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Comment The Problem With Certs (Score 2) 317 317

The main problem with certs can be demonstrating by googling the cert title or number + "dumps". You will find the exact questions and answers for most tests. (More on "most" in a moment.) I don't mean a detailed outline - I mean the full text of the question, the possible answers, and which one is correct. Memorize the answers and you pass the cert.

As someone who periodically participates in hiring, I don't see much value in certs. I've had the experience of people who had certs who didn't know their stuff. I've never known any employer who given a choice between someone with many years of experience and someone with a cert, would choose the latter.

There are other problems with certs. I've always found the format is quite ridiculous. Why should I memorize things? If they test concepts, that'd be one thing, but often certs are "which of these commands is correct" kind of questions. What, am I trapped on a desert island with a datacenter to administer and no manuals?

That said, certs can't hurt. I find them valuable to study for though less to actually take. Vendors outline everything to get a basic knowledge, and that's useful to go over. The only time I see real value in certs is

  • Your employer is a government agency or some kind of big bureaucracy and they require the cert for a position.
  • Some vendors will only extend certain partnerships ("Gold VAR" or whatever) to companies that have X number of certified technicians
  • Your company is providing services and wants to be able to say "all our techs are certified in X" for marketing purposes

All that said...the exception to the above is the certs that do have some value. These are the certs that you have to pass a lab for: RHCE, Oracle Certified Master, Cisco's CCIE, etc. A CCIE is highly valuable - those guys bill very well.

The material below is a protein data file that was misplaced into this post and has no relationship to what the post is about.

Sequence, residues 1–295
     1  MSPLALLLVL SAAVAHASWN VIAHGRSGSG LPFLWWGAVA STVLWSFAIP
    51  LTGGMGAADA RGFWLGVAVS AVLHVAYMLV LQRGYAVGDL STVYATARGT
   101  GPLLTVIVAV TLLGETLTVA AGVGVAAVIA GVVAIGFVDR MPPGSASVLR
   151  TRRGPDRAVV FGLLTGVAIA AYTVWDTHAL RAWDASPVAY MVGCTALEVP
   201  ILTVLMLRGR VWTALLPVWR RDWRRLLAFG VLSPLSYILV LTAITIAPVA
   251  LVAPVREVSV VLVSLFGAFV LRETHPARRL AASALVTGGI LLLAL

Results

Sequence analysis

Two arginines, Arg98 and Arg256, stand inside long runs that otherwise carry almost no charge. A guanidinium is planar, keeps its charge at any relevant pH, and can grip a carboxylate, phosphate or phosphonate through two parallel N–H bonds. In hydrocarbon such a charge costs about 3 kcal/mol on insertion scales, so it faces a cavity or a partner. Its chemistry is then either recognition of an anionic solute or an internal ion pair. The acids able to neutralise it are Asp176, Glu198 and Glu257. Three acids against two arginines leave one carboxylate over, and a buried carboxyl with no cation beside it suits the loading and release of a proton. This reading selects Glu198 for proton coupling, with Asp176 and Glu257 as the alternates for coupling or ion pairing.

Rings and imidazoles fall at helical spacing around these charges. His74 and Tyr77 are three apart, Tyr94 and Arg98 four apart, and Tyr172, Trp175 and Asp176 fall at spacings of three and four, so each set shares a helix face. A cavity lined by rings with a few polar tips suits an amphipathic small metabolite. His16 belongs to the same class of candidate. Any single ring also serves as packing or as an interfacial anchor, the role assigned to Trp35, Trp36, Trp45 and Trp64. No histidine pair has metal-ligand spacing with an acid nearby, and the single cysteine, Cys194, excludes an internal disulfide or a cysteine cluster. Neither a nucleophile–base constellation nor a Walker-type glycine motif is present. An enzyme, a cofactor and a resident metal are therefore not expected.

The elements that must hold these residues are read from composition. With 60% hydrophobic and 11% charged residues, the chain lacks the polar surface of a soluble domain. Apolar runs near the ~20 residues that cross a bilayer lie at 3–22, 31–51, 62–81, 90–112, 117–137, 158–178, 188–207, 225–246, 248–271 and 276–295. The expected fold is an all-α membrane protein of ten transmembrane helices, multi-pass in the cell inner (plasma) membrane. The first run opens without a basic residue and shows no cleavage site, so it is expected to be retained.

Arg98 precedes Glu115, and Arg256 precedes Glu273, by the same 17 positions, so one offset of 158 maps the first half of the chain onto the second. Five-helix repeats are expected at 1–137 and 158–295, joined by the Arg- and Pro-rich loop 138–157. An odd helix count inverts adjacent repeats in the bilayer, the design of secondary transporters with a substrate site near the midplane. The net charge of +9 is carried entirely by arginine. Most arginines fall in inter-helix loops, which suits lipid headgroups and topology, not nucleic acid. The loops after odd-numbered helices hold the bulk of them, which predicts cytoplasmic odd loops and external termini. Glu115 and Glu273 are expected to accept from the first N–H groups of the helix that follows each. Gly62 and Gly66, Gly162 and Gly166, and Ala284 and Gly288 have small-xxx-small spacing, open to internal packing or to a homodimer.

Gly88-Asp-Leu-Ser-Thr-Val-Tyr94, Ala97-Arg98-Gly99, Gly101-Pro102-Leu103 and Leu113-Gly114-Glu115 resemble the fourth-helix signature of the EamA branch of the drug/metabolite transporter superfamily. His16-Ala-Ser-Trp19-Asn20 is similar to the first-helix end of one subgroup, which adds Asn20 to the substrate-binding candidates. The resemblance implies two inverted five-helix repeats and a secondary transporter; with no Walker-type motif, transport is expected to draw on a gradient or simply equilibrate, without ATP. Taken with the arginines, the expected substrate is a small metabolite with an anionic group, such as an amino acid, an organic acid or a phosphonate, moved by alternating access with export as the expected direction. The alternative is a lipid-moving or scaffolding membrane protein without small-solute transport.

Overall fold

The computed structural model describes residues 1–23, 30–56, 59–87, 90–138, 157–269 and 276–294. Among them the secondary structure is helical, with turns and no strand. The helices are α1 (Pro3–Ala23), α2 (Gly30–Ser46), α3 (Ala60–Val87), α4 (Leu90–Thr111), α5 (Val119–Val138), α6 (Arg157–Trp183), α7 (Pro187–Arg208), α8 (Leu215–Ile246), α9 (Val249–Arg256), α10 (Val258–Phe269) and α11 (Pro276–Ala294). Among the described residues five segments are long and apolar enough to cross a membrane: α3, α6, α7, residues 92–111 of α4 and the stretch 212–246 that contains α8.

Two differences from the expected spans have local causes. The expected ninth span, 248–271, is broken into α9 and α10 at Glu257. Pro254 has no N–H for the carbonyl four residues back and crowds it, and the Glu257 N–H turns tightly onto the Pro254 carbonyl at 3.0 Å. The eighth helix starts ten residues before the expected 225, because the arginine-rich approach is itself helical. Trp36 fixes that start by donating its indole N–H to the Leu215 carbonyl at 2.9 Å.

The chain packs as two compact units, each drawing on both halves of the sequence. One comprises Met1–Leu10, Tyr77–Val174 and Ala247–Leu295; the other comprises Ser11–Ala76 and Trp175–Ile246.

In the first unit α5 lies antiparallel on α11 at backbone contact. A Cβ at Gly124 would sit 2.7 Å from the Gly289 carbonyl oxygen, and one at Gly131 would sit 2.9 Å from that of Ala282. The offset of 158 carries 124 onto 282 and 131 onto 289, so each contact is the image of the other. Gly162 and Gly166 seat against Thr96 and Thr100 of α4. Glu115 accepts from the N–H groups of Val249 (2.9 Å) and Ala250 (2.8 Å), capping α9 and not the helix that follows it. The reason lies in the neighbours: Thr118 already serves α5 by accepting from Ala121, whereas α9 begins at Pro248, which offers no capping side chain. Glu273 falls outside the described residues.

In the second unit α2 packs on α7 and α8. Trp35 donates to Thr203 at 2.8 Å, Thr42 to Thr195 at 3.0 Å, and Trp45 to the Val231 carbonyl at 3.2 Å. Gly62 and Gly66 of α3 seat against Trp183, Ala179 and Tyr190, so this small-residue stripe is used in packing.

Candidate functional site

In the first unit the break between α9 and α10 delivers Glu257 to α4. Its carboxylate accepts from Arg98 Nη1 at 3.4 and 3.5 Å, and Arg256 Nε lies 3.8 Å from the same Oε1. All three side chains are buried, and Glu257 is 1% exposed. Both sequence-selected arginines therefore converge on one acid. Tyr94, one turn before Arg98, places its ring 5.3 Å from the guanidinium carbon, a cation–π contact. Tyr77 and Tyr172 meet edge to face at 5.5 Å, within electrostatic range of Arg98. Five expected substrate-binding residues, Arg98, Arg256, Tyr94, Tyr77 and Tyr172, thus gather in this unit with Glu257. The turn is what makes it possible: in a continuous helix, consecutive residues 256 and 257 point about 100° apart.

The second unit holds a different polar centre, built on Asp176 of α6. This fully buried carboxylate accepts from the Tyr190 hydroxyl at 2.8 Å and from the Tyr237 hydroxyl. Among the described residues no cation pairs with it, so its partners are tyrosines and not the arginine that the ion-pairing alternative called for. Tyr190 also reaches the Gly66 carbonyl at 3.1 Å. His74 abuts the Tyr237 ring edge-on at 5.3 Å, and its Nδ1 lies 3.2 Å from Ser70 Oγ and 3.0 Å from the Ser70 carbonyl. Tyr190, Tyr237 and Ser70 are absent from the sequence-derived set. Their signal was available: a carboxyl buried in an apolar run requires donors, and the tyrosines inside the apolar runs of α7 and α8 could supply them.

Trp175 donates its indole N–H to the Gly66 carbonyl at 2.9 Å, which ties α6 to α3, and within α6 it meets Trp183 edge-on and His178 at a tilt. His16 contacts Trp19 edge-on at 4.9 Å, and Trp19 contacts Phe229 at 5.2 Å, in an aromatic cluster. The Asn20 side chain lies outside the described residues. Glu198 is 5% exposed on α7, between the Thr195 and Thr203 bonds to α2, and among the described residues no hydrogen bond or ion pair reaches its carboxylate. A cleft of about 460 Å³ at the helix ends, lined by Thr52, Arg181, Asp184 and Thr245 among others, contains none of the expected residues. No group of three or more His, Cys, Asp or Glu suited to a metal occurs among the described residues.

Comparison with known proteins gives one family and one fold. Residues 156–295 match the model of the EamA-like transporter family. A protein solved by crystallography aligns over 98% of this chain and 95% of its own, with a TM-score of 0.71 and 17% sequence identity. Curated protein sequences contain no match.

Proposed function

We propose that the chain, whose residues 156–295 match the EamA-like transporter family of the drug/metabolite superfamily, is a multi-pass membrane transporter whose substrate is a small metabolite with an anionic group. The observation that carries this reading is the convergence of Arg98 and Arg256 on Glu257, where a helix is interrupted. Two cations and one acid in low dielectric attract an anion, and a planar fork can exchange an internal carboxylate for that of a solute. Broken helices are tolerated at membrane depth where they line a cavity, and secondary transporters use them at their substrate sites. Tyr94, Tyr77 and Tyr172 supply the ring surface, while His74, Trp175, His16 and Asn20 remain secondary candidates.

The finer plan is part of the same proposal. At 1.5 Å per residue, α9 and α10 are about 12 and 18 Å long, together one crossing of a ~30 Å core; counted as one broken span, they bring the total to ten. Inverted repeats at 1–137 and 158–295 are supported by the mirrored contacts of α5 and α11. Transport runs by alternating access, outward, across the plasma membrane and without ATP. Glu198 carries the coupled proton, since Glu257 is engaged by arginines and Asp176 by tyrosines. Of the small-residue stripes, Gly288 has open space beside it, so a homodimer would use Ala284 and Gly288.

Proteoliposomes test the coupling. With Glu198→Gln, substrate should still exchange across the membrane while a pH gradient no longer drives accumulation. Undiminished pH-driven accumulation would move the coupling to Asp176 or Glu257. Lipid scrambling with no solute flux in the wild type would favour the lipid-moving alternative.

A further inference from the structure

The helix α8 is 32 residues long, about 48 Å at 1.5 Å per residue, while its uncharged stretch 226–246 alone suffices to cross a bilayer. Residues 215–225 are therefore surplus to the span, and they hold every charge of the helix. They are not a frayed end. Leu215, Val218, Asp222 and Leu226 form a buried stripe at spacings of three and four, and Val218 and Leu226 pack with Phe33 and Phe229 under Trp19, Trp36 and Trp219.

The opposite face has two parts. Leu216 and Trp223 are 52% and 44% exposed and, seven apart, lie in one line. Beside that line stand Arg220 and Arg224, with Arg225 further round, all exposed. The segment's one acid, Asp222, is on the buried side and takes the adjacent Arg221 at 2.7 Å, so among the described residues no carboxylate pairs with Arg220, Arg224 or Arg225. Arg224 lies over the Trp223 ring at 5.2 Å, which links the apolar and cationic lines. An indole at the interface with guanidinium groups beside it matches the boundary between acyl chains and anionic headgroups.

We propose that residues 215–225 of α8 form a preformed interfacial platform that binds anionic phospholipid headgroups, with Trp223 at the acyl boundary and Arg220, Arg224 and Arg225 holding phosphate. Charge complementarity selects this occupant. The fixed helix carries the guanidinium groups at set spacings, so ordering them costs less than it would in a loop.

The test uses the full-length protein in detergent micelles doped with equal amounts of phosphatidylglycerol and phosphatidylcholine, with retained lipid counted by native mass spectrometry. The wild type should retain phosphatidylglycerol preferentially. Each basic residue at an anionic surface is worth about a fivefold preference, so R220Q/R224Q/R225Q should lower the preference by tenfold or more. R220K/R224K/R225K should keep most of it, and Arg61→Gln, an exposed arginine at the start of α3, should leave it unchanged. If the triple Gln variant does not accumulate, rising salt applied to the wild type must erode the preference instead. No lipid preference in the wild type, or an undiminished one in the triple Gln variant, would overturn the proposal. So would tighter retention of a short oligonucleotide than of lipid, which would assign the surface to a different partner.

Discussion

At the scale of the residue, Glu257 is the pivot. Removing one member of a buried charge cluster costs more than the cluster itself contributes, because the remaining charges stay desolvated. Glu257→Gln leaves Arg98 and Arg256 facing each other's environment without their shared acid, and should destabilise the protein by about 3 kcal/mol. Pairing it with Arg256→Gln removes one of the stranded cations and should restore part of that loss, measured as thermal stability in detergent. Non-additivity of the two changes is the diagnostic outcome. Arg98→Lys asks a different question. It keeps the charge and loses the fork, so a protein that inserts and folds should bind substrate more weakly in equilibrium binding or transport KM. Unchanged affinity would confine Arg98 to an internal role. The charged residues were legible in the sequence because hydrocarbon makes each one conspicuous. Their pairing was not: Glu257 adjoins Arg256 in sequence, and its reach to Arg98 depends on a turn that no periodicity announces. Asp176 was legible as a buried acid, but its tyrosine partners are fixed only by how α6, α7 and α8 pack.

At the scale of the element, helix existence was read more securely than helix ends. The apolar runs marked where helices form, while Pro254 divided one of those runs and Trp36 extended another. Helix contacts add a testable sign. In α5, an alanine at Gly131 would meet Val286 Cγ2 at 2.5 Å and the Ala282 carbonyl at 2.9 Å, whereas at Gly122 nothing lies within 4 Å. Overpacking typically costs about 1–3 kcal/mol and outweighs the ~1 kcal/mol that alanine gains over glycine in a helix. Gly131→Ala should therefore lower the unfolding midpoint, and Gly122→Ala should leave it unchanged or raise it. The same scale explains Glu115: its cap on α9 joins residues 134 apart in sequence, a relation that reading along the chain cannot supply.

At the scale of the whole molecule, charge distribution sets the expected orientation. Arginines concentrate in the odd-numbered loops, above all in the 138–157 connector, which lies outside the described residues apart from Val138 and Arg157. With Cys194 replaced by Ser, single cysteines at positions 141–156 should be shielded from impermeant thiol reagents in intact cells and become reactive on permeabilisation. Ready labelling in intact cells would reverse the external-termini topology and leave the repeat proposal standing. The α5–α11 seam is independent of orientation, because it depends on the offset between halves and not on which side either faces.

Comment Diaspora is still very much alive (Score 1) 88 88

Remember Diaspora? In 2010, it raised $200,641 on Kickstarter to take on Facebook with "an open source personal web server to share all your stuff online." Two years later, they essentially gave up, leaving their code to the open source community to carry forward.

Diaspora is still very much alive.

Comment Re:Shyeah, right. (Score 1) 284 284

in at least 1 different state

Are you expecting an entire state to disappear? I mean, I've heard jokes about California falling into the ocean, but a requirement of having backups in two different states seems kind of extreme.

Particularly because "two different states" could mean "Rhode Island and Delaware" which is very different than "Alaska and Florida."

Comment So encrypt your email (Score 1) 986 986

In the early 90s, I used to read the cypherpunks email list. During the PGP, Clipper chip, etc. drama, the cypherpunks were discussing practical ways of encryption. They wrote code and collected practical how-to guides on encryption. Lots of good stuff - how to automate encryption on your email, how to make an encrypted "cryptobook" laptop, etc. And no one used it. Today encryption is used only for shopping. When's the last time you got an encrypted email? It isn't for lack of technology.

Comment Re:We already have these... (Score 1) 400 400

ICBMs have a habit of not being recallable. Once it is in the air, the only abort possible is destruction of the missile. Unfortunately, that still leaves a lot of shrapnel on a ballistic trajectory to the target.

They get to the target in 30-60 minutes. If you are so confused that you're going to change your mind in 30 minutes, don't launch.

Firefox

Submission + - Firefox Kills Favicons->

afabbro writes: "Favicons may seem harmless enough, but according to Mozilla, they can be pretty dangerous. Some sites set their favicon to a padlock. This behavior can trick users in to thinking that a site is using a secure connection when on an unsecured connection. Mozilla's solution is to drop favicons from Firefox altogether."
Link to Original Source

Comment Hell Hath No Fury Like a Geek Inconvenienced (Score 1) 292 292

In most cases, you're talking about a few minutes before and during takeoff and a few minutes during landing. During that time, read a book.

I've certainly used tablets, phones (for apps), and laptops all other times during flight.

There is no one on this planet who can't live without the Internet for the duration of a flight. If you are so insanely important, buy the plane's service.

Those who claim the dead never return to life haven't ever been around here at quitting time.

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